Posts Tagged ‘bankers’

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Running for cover

February 17, 2010

Trouble looming, potentially, with Greece’s use of currency swaps to cover up its debt:

European Union leaders last week ordered Greece to get its deficit under control and vowed “determined” action to staunch the worst crisis in the euro’s 11-year history. Standard & Poor’s and Fitch Ratings are questioning Greece over its use of the swap agreements, said two people with direct knowledge of the situation, who declined to be identified because the talks are private.

“Greece used accounting tricks to hide its deficit and this is a huge problem,” Wolfgang Gerke, president of the Bavarian Center of Finance in Munich and Honorary Professor at the European Business School, said in an interview. “The rating agencies are doing the right thing, but it may be too little too late. The EU slept through this.”

And its not just Goldman Sachs, currently close advisors to the Greek government, that are now under scrutiny for arranging the swaps. Like kicking over a log, the Greek crisis has brought all sorts of wriggling creatures into the light of day.

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Financial Times uncovers anticapitalist mood

January 26, 2010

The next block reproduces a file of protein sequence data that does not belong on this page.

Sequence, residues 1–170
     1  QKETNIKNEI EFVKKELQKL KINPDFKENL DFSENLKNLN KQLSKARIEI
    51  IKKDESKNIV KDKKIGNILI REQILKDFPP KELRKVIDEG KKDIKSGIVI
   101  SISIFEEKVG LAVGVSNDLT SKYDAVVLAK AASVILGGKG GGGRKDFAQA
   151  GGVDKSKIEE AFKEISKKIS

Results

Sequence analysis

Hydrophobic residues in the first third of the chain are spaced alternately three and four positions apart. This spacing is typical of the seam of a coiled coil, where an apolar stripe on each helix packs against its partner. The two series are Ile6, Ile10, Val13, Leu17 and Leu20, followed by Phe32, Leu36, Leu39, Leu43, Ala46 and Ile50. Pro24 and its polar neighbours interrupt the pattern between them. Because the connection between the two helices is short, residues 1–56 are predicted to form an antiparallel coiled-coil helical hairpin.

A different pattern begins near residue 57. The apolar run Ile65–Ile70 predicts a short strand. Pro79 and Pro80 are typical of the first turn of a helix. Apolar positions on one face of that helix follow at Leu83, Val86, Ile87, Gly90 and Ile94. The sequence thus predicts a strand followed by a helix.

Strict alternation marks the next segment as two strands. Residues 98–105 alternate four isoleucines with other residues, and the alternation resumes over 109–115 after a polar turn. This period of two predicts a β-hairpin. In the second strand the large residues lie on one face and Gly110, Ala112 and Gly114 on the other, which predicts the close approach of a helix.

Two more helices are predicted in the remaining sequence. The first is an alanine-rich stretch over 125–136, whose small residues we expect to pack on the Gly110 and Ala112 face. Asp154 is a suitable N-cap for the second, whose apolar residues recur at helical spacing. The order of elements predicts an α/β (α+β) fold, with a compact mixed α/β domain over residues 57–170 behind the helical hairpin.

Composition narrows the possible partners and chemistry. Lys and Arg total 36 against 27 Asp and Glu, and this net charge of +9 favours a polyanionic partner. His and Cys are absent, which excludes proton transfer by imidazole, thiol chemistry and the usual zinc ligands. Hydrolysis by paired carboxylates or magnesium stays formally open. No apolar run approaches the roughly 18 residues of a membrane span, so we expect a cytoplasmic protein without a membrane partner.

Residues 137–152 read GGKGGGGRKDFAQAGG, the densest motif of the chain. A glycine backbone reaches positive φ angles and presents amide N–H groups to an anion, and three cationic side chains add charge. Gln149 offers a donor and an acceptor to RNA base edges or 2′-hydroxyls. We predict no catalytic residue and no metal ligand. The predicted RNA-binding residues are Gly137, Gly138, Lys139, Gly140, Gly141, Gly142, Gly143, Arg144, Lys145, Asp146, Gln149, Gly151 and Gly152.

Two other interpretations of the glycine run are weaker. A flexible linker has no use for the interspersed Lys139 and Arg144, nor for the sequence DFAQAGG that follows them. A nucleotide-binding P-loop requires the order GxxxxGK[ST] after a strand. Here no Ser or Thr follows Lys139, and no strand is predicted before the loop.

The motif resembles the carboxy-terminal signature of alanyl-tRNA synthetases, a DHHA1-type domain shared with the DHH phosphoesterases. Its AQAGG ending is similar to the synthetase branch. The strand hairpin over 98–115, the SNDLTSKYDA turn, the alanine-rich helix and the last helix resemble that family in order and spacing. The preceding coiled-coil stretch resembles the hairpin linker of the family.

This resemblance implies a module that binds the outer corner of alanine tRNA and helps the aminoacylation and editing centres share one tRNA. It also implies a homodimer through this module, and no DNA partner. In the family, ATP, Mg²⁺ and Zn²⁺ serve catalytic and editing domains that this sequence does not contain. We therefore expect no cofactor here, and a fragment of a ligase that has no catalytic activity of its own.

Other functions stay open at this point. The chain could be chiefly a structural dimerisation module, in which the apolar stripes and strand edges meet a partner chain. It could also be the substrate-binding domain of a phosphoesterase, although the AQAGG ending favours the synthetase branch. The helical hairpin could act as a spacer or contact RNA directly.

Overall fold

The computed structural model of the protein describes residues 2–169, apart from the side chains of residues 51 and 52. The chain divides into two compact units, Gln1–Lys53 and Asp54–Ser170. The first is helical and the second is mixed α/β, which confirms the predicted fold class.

Opinon poll, Financial Times yesterday:

Three in four people want the government to go further in its crackdown on bankers’ pay and impose a cap on salaries, according to the results of the latest Financial Times/Harris poll.

Almost four in five said they agreed with the supertax on bankers’ bonuses announced by Alistair Darling, the chancellor, last month. But three-quarters of those polled said there should be an additional ceiling on pay.

Perhaps no great surprises, there. Investment bankers rank somewhere around bubonic plague and anthrax in the public’s affections at present. And it’s good to see such widespread aversion to fat corporate paycheques. Making a few pips squeak in a few bloated lemons with a new, higher rate of income tax would be both fair, and popular.

It’s the result the FT doesn’t comment on that is most interesting, however. From the graphic, thirteen per cent don’t just blame bankers for the crisis – the ‘economic system as a whole’ is at fault. That’s nearly six million voters nationally.

That doesn’t mean they’re all about to rush into the Left’s arms – blaming the ‘economic system as a whole’ is open to wide interpretation, left or right. But it does mean that an extraordinarily large number of people are open to the sort of system-wide critique an organised, effective Left can provide.